Black Creek Outfitters Guru Session – Footwear


On August 13th Black Creek Outfitters hosted a Guru Session led by Evan Fullford. The subject matter was “Selecting the Best Footwear for a Long Distance Hike”. A strong proponent of minimalist hiking, Evan went from sandals to shoes to boots. In spite of the title focusing on long distance hiking, Evan fielded questions relative to a variety of trail time from a simple run to a through hike.

An unexpected benefit of the session was Evan explaining the importance of arch support and how people strike the ground. Use a skeletal foot he detailed how shoes can assist impact points.

The Guru discussions occur every Wednesday evening, with pauses in the series based on availability as well as breaks for planning and actual outdoor adventuring. If you are in the Jacksonville area and would like a session dedicated to a specific topic you can reach out to me or ask for Jack when you visit the store.

If you see anything which you feel is incorrect I always appreciate feedback on how to improve upon, or further elaborate, the information conveyed.

  • Boots, hiking shoes, trail running shoes and sandals
  • First example was the Keen (the one I own)
  • Salomon Tech Amphibian
  • Evan pointed out the weight difference and concern over rocks and sticks
  • Obviously good for warmer weather or if you know you’ll be spending time in water
  • A shoe will need to dry
  • Compared the hiking and trail running shoes
  • Trail running shoes are much more flexible
  • Example was the Salomon S-lab
  • Trail hiking shoes maintain rigidity for true hiking stability
  • Trail running shoes are usually lighter
  • More tread on a trail running shoe due to faster travel, and more resistance
  • Trail hiking shoes tend to have a thicker sole
  • Trail running shoes can be geared for the type of strike (heel or forefront)
  • When walking you tend to heel strike
  • Boot example was Lowa and Vasque
  • Heavier hikers or heavier packs may require boots for better support
  • Evan reminded us that concern over ankle support tends to be over stated, noting that hiking in shoes will strengthen the ankle
  • However if you have weak ankles there is no reason to go without support
  • Evan noted the difference between water resistance and water repellant. Unless there are no access points for the water the interior will get wet regardless of the coating.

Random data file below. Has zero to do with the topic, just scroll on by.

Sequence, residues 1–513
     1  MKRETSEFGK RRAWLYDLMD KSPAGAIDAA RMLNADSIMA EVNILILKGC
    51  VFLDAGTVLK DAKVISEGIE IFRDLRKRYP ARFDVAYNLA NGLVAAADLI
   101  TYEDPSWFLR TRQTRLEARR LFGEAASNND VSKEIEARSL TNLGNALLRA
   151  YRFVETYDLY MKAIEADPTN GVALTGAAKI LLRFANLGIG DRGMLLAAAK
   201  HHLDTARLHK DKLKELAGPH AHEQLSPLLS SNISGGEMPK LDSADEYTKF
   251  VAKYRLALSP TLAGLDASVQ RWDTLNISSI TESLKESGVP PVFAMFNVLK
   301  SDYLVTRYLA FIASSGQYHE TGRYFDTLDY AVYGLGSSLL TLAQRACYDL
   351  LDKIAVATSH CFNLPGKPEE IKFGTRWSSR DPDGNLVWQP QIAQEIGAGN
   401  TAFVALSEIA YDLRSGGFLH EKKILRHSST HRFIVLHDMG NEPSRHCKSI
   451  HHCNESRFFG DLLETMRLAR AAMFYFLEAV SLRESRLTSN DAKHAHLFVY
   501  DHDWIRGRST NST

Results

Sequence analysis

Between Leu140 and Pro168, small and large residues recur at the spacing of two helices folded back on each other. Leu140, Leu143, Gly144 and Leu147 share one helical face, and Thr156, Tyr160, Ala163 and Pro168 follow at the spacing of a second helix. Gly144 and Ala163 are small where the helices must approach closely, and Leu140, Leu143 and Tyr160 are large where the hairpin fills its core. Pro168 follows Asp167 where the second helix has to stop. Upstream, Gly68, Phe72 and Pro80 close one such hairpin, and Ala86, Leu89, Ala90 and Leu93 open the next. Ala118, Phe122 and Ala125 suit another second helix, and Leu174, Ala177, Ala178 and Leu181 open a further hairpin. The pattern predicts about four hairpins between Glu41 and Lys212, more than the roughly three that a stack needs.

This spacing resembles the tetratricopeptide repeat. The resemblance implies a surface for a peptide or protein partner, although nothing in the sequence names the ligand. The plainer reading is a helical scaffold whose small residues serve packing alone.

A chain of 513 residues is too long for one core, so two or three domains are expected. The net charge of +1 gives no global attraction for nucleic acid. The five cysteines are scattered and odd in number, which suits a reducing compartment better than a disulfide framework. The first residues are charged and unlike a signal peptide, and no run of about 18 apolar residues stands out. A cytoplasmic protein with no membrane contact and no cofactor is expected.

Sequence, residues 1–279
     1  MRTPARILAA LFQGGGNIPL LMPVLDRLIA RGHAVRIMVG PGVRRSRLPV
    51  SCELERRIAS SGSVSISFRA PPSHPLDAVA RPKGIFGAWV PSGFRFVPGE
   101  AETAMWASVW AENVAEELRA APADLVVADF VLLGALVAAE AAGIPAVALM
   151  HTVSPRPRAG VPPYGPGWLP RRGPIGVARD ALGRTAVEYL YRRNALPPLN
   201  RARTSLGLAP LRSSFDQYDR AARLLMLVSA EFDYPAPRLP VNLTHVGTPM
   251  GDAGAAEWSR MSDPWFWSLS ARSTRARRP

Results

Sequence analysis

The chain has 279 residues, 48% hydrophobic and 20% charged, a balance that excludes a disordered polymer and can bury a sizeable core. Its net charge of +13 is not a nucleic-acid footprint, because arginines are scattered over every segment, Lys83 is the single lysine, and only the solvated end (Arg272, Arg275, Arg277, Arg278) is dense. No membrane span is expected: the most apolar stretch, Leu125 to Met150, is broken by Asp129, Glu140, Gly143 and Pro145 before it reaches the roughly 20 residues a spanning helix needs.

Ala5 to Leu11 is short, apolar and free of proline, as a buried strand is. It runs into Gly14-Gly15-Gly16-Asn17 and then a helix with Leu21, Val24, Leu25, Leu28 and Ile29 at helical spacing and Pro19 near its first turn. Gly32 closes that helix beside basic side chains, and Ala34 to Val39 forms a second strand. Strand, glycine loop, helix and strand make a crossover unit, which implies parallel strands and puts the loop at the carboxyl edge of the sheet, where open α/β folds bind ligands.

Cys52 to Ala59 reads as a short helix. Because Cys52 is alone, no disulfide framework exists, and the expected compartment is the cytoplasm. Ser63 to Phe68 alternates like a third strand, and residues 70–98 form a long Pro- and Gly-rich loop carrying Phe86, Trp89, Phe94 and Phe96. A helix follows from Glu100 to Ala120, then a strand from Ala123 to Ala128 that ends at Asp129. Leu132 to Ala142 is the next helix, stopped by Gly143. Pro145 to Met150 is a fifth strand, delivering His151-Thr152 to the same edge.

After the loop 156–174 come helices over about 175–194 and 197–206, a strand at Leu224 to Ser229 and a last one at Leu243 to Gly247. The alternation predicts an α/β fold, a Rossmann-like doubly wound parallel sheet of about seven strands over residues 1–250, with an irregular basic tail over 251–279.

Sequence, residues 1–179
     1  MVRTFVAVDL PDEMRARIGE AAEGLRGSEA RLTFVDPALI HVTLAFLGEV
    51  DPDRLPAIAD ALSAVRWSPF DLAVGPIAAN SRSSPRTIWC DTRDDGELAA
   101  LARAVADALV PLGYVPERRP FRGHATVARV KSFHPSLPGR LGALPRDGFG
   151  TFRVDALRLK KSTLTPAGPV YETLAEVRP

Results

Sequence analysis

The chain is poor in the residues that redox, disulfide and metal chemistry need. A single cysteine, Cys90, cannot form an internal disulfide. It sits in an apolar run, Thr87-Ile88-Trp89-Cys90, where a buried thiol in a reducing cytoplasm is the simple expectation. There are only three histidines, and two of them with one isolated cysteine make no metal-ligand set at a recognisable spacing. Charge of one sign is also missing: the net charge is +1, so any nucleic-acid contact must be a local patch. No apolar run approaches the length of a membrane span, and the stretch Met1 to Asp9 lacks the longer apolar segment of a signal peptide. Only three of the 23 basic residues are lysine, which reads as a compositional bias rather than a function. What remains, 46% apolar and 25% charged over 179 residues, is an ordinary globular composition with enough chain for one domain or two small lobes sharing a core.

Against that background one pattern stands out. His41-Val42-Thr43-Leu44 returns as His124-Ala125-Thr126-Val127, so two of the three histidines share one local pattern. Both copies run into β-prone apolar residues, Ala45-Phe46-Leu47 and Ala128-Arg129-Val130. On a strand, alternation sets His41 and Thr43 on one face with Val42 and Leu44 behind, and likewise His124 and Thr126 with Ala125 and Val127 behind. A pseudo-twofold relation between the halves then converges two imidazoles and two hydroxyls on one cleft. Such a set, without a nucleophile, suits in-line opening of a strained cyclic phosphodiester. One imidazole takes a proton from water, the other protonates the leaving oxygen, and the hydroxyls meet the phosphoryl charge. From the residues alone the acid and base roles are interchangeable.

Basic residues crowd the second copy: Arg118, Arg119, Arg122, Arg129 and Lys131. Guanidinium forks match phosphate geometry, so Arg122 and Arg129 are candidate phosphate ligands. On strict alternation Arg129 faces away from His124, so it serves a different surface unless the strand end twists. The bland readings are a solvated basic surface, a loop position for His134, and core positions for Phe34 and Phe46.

• Be mindful that all leather vs. leather/mesh with Gore-Tex might give you the same degree of water protection.
  • Big negative with Gore-Tex: the interior will take longer to dry
  • If you can carry the weight, carry the sandals with you for water crossings. Personal preference.
  • Do not wear cotton socks when hiking. If they get wet they hold the water, and your shoes/boots will take longer to dry.
  • Leather, however, is more durable.
  • Evan shared his Salomon love: better arch support, lighter and simply better construction.
  • Discussed the importance of knowing about arch support.
  • Defined pronating http://dictionary.reference.com/browse/pronating and supinating http://dictionary.reference.com/browse/supinating?s=t.
  • Naturally your foot doesn’t need arch support, per Evan’s sources. This is something being debated by physicians.
  • Those who support minimalist shoes note we’ve simply become accustomed to arches.
  • Street running will kill the tread of a trail shoe. A street shoe does not have the best foot plate for trail comfort.
  • For hiking, your shoe should not fit like a glove. Compensate for swelling.
  • Also, when on trail you tend to consume more salt and you’ll retain water.
  • When hiking downhill you don’t want your toe slamming against the front of the shoe.
  • Go a half size above your normal, but consider it more different sizing.
  • Discussed different insoles. Superfeet was our example. Make sure it suits your shoe.
  • Some inserts can tear Gore-Tex.
  • Your ideal hiking shoe bends where your foot is supposed to bend. Sounds obvious, but folks forget.
  • Your price range for shoes/boots/sandals is $75 to $160 based on general public. These are still good quality, but as with anything you can get higher quality at a higher price. Fully understand the environment they’ll be used in. No reason to overpay because you’re romanced by features and technology you don’t need.
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Black Creek Outfitters Guru Session – Pitching a Tent


On August 7th Black Creek Outfitters hosted a Guru Session led by Jack Stucki. The subject matter was “Pitching a Tent”. A strong proponent of minimalist hiking, Jack focused less on tent manufacturers and more on proper selection and use based on the type of hiker one is. He did offer some great advice on how to handle foul weather and dark conditions. As usual he also shared some entertaining stories which enhance the education element.

Minimalist hiking is not cheap, but if you plan and save you will find the money you spend is priceless when it comes to the weight you’ll save. Before making any purchase do your research. Go to your local outfitter and let them take you through the variety of gear at your disposal.